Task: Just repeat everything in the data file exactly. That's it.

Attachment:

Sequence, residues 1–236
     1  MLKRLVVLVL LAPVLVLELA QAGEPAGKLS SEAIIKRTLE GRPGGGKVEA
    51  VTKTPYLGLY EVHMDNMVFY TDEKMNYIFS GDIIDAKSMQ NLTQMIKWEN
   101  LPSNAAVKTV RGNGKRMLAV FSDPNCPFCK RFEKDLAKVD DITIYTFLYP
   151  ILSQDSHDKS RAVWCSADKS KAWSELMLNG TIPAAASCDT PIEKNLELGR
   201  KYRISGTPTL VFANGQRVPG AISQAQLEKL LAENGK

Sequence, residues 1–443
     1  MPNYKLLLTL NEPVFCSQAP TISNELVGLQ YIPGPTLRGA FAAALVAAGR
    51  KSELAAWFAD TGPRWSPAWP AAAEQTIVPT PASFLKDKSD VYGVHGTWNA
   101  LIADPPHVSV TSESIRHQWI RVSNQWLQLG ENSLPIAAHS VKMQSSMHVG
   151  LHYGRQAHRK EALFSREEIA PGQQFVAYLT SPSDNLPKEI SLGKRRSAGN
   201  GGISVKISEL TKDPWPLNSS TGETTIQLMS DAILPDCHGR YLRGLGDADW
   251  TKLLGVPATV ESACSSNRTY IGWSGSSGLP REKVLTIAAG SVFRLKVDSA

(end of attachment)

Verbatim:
Sequence, residues 1–236
     1  MLKRLVVLVL LAPVLVLELA QAGEPAGKLS SEAIIKRTLE GRPGGGKVEA
    51  VTKTPYLGLY EVHMDNMVFY TDEKMNYIFS GDIIDAKSMQ NLTQMIKWEN
   101  LPSNAAVKTV RGNGKRMLAV FSDPNCPFCK RFEKDLAKVD DITIYTFLYP
   151  ILSQDSHDKS RAVWCSADKS KAWSELMLNG TIPAAASCDT PIEKNLELGR
   201  KYRISGTPTL VFANGQRVPG AISQAQLEKL LAENGK

Sequence, residues 1–443
     1  MPNYKLLLTL NEPVFCSQAP TISNELVGLQ YIPGPTLRGA FAAALVAAGR
    51  KSELAAWFAD TGPRWSPAWP AAAEQTIVPT PASFLKDKSD VYGVHGTWNA
   101  LIADPPHVSV TSESIRHQWI RVSNQWLQLG ENSLPIAAHS VKMQSSMHVG
   151  LHYGRQAHRK EALFSREEIA PGQQFVAYLT SPSDNLPKEI SLGKRRSAGN
   201  GGISVKISEL TKDPWPLNSS TGETTIQLMS DAILPDCHGR YLRGLGDADW
   251  TKLLGVPATV ESACSSNRTY IGWSGSSGLP REKVLTIAAG SVFRLKVDSA